A content strategy pharma conundrum. (image via net_efekt)
The breakdown: How do you write a paid search ad for a pharma client that delicately balances FDA requirements, online space restrictions, drug benefits and adverse effects? Not an easy pill to swallow, but Jared Kelleher shows us one unique approach below.
I’ve been watching MadMen, and it seems to me that advertising was simpler then, than it is today; and that they used to drink a lot at work, though maybe there’s no correlation.
Then, you just whipped up wild ads like this over a couple martinis at lunch. Today, there are rules and regulations, general counsels, and protective bodies like the Consumer Protection Agency and the Food & Drug Administration, and we’re charged with knowing all the ins, outs and what have yous of the industry’s laws, bills, bylaws and amendments. I feel cheated, though not nearly as much as the pharmaceutical companies must feel.
Under an FDA rule called fair balance, if we’re promoting a drug’s benefits, we need to fairly balance those benefits with content about its risks. Pharma advertising evolved to adhere to the new ground rules; while watching the pretty people in the TV spots, we hear dozens of deleterious side effects as background voice-overs. In print, half or more of a drug ad contains the important safety information and adverse effects copy about sweaty hands, dry mouths, erections lasting longer than four hours, or in the case of black box warning drugs, thoughts or attempts of suicide.
Last spring, many pharmaceutical companies received letters from the FDA noting that their paid search ads were touting drug benefits, without equally messaging the drug’s risks. In paid search, fair balance rules are harder to play by. Try equally extolling the marvelous benefits and mysteriously unusual adverse effects of a drug in an ad the size of a matchbook.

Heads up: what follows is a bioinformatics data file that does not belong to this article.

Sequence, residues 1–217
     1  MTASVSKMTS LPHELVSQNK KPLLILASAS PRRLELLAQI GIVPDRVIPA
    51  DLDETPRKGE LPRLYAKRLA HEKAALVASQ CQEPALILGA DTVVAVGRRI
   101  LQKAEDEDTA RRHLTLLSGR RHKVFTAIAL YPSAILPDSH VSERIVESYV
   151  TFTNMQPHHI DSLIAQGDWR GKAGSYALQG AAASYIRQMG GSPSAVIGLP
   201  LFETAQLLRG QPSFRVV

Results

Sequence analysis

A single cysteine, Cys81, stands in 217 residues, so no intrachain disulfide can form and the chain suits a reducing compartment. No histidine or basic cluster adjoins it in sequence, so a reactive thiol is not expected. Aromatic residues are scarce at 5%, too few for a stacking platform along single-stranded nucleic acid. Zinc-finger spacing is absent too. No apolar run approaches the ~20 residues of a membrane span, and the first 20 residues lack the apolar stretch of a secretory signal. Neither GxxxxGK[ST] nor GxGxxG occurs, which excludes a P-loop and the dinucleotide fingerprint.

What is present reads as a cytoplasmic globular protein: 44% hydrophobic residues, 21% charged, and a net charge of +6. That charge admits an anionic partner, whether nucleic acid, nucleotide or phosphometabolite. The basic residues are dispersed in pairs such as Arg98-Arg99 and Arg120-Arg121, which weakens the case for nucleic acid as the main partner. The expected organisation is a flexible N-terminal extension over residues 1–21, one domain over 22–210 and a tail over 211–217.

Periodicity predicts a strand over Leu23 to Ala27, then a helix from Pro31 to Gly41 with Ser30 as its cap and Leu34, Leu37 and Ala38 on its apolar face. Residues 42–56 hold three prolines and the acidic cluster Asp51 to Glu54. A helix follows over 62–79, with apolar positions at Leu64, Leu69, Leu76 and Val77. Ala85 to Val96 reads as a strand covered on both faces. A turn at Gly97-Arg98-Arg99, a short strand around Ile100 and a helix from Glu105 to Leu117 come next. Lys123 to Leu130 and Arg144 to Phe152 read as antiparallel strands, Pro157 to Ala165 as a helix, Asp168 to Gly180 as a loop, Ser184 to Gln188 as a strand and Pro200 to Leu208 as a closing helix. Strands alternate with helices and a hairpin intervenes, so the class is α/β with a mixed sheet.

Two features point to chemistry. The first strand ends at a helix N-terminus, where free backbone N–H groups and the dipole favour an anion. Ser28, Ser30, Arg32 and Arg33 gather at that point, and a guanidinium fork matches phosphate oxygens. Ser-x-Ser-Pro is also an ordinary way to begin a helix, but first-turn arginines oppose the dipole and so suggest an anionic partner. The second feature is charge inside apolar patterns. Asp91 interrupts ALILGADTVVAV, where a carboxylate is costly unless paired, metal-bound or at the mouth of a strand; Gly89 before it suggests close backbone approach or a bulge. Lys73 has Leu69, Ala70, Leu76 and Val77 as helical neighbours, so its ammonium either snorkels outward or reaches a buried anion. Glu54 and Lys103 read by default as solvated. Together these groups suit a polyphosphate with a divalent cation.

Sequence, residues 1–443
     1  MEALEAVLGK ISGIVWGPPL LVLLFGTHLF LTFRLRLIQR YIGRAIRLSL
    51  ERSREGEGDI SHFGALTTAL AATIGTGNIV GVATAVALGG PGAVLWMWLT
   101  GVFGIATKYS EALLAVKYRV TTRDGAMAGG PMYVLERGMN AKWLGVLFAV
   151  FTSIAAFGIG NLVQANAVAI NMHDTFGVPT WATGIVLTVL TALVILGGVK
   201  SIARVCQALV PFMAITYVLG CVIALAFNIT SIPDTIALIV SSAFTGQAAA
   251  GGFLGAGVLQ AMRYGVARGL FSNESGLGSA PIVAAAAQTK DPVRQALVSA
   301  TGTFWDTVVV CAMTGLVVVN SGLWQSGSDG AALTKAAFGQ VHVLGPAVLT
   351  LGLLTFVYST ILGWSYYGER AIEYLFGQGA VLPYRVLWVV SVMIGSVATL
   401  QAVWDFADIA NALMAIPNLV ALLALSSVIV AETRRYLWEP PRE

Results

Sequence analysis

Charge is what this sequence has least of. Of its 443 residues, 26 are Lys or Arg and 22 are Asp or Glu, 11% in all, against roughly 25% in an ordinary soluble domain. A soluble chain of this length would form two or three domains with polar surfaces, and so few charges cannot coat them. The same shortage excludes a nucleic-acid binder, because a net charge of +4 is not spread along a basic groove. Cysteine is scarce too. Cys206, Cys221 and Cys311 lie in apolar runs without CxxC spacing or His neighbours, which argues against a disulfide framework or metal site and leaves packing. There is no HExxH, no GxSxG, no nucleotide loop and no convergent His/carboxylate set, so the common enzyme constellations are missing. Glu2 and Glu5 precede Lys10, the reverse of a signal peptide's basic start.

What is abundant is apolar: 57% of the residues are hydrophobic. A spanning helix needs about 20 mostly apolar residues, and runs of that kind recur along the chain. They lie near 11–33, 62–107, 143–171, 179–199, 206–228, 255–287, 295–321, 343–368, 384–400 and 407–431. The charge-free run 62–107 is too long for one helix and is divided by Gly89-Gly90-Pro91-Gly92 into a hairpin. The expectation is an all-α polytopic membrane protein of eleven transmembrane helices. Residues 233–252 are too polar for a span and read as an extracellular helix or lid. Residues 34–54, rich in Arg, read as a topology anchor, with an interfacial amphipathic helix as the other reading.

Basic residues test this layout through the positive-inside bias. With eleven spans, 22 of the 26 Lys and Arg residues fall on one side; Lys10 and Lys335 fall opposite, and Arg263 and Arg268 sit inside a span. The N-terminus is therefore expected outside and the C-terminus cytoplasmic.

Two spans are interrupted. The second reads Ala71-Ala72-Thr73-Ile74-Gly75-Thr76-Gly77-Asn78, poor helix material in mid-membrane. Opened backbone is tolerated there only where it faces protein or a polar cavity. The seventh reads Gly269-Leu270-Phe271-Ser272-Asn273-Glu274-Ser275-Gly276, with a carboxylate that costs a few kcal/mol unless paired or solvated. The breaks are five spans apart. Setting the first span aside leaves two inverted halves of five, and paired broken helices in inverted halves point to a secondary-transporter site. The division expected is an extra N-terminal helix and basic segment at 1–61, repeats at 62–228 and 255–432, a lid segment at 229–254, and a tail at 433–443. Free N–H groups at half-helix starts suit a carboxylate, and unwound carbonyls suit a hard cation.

Many drug companies responded by rewriting their paid search ads with benign, benefit-free, unbranded copy, or they pulled their paid search ads altogether. I’m no expert in pharma, but let’s consider a crazy idea: what if, instead of pulling our ads or rewriting them so feebly that neither the FDA nor our own customers know who’s running the ads, our paid search ads were explicitly about side effect and risks – no benefits.
Imagine, for example, Henny Penny Labs, a fictitious maker of the world’s leading worry and anxiety medications, most notably, WillyNilliex® – the #1 drug for nervous, jittery, cat-like behavior. Let’s say we’re charged with a keyword buy. Research shows we need a buy on symptoms such as: jitters, jittery, jumpy, goofy, tight, uptight, mad, mad as hell, angst, agita, and interestingly, verklempt.
Instead of getting upside down about what we can’t say about the tremendous benefits of WillyNilliex, we’ll run paid search solely on the drug’s rare-but-bizarre adverse effects, which incidentally, are likely the precise content many of our customers are looking for. Patients know what WillyNilliex is supposed to do. They want to know what it might inadvertently do – like possibly cause thoughts of suicide – good to know. Since there isn’t room in a paid search ad to balance benefits content with risks content, we’ll focus our test ad almost wholly on risks and side effects while mindfully communicating the drug’s indication:
WillyNilliex® Beats the Jitters
Side effects include hot dog fingers
evil eye, clown fear and more….
This sample is a bit out there, but it demonstrates how this transparent approach would benefit the user by being honest and forward with the side effects. Maybe it’s not quite a drug marketer’s dream, but the ad provides brand impression, piques interest and gives users access to content they supposedly want to see, all while seemingly coloring within the FDA’s lines.
OK, who wants a martini?